Adapted from

"The California Avocado Industry"
By Robert W. Hodgson

The first reference to the introduction of the avocado into California appears in the Report of the Visiting Committee of the California State Agricultural Society in 1856. According to this report, an avocado tree was imported from Nicaragua, along with other fruit plants, by a Dr. Thomas J. White who lived near Los Angeles. Not until 1871, however, was the avocado definitely established, through the introduction of three trees by Judge R. B. Ord of Santa Barbara. Two of these three trees bore fruit for many years in Santa Barbara, and served to create interest in further plantings. In the years following its introduction by Judge Ord, many trees were planted. Some were imported from Mexico and the countries of Central America; others were started from the seeds of the many fruits brought into California by travelers.

Turn of the Century
In the early 1890's, Juan Murrieta of Los Angeles became interested in the avocado and imported a considerable quantity of thick-skinned fruit from Atlixco, Mexico. He distributed some of the seeds of these fruits among his friends and planted the others, himself. From this group of seedling trees came a number of the varieties that first attracted attention as promising commercial fruits. These include the Royal, Walker, Challenge, Dickey, Blakeman, Sharpless, Colorado, and Murrieta. None of these varieties are currently grown commercially. These early plantings stimulated interest in the commercial possibilities of the avocado, and numerous experimental plantings were made in the first decade of the 1900's.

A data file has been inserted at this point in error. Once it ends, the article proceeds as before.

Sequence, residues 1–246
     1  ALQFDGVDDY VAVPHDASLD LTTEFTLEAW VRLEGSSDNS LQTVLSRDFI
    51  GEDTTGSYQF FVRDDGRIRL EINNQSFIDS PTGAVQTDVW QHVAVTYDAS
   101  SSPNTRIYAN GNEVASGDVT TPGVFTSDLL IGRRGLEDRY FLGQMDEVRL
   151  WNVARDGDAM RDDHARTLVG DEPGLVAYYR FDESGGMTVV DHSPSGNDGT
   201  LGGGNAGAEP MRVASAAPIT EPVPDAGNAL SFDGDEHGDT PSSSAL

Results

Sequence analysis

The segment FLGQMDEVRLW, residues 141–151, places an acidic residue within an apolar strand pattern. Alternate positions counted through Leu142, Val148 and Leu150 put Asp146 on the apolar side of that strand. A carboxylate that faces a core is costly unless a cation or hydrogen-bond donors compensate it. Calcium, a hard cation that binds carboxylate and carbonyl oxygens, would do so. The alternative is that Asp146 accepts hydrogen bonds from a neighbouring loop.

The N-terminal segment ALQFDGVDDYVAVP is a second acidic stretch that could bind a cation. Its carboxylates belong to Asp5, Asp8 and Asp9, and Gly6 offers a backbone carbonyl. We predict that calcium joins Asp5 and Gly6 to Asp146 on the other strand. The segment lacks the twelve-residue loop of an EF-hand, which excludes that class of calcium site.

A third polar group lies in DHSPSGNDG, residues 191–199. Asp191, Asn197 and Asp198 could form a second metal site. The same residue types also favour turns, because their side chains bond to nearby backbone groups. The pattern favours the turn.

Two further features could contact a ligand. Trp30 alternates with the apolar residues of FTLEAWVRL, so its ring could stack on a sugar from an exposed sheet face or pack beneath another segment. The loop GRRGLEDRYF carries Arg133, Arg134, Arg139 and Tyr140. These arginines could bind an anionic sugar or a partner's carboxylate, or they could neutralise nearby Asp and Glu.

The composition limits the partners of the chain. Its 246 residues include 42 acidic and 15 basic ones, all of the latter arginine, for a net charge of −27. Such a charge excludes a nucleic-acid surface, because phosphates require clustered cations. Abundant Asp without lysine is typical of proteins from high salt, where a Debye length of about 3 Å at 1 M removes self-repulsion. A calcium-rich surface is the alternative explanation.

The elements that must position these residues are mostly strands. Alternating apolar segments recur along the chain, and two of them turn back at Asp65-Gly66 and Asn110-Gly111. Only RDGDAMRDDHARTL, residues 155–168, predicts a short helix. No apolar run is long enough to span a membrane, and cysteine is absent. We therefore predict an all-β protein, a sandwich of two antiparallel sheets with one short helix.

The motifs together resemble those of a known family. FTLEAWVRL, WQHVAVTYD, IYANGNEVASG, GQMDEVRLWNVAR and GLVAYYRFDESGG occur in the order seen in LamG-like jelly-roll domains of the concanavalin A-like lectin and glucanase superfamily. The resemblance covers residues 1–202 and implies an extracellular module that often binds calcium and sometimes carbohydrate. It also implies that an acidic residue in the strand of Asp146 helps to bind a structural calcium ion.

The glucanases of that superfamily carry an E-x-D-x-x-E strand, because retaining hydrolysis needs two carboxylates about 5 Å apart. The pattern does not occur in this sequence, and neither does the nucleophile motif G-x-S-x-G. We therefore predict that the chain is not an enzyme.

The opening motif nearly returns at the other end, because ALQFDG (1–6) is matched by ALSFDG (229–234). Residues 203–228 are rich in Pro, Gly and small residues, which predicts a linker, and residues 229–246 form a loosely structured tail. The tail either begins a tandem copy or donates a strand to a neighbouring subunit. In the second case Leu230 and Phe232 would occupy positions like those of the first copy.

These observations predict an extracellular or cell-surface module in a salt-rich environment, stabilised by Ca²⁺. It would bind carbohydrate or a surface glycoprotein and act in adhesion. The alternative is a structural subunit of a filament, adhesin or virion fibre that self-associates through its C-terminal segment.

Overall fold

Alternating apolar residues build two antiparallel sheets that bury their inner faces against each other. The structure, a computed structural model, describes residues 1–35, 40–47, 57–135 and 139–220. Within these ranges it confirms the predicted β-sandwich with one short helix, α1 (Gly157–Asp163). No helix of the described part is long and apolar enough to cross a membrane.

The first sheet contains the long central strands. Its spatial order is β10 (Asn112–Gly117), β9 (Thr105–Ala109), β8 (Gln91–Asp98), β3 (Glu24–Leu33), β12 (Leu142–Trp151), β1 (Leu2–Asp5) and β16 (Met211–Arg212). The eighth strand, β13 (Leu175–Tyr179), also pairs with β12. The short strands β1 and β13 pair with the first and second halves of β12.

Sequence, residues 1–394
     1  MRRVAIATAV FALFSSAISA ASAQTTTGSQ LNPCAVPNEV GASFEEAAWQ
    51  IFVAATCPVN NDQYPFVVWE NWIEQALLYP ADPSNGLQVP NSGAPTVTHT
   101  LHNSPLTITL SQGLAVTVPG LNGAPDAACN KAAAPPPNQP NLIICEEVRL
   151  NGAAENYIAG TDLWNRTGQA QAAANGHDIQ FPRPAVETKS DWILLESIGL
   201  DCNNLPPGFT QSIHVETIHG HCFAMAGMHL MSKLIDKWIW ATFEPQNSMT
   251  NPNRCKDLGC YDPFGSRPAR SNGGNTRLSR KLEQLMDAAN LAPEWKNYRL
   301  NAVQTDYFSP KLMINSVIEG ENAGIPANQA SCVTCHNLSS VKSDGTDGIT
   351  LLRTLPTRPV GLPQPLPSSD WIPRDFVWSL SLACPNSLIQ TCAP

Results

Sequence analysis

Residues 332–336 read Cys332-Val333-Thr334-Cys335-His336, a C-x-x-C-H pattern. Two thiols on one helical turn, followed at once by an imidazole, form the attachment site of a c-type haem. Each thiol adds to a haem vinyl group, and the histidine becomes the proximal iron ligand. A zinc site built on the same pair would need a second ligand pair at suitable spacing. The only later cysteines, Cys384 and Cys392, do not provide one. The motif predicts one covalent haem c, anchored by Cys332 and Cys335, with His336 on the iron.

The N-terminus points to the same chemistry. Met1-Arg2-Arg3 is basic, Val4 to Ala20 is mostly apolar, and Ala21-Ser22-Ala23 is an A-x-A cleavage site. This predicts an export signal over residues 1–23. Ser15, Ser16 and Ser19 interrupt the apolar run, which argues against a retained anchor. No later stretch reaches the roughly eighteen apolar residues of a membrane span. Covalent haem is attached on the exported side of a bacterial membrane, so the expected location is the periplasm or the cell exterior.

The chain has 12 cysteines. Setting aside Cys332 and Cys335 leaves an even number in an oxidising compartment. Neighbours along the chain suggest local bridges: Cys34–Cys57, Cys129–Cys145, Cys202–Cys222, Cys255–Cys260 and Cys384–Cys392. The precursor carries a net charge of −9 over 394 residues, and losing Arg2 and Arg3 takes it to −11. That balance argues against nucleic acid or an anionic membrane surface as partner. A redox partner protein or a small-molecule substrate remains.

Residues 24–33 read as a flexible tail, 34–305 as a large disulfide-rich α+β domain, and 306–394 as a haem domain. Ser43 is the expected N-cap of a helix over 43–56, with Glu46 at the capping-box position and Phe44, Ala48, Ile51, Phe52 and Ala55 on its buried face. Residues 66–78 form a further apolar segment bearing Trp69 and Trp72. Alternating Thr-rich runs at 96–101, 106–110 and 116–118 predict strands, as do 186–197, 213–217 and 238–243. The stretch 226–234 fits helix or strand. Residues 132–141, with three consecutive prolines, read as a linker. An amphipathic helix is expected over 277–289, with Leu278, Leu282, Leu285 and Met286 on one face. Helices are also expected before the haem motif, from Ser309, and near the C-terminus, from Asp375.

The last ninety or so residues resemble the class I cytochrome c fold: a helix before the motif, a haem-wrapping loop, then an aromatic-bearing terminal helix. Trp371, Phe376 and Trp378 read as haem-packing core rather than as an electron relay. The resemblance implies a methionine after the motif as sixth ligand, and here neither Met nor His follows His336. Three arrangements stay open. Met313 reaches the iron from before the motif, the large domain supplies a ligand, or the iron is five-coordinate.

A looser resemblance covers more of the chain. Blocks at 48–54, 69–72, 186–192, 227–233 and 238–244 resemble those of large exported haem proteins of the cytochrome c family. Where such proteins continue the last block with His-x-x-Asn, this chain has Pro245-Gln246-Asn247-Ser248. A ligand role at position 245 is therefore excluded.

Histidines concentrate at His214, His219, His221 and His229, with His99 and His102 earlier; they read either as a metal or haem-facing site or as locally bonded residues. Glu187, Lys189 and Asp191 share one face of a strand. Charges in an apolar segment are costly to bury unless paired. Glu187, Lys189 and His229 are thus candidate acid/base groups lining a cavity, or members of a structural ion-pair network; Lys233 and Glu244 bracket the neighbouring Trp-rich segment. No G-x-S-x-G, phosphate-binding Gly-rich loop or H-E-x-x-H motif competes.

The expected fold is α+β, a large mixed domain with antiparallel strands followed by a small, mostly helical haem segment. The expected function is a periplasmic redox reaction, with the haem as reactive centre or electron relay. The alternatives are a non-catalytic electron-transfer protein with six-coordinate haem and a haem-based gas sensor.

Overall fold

Early 1900's
Starting around 1910, growers began to emphasize the commercial aspects of avocado culture. Instead of relying on chance seedlings, nurserymen undertook the exploration of the avocado districts in Mexico and Guatemala. F.O. Popenoe and T.U. Barber, of the West India Gardens, Altadena, were pioneers in this field, and during 1911-1912 brought in budwood of many varieties from the best districts of Mexico. Of these, Fuerte and Puebla proved to have special merit. E.E. Knight, of Yorba Linda, a resident for many years of Central America, also brought in budwood of superior varieties from Guatemala, of which Queen and Linda proved to be the most promising.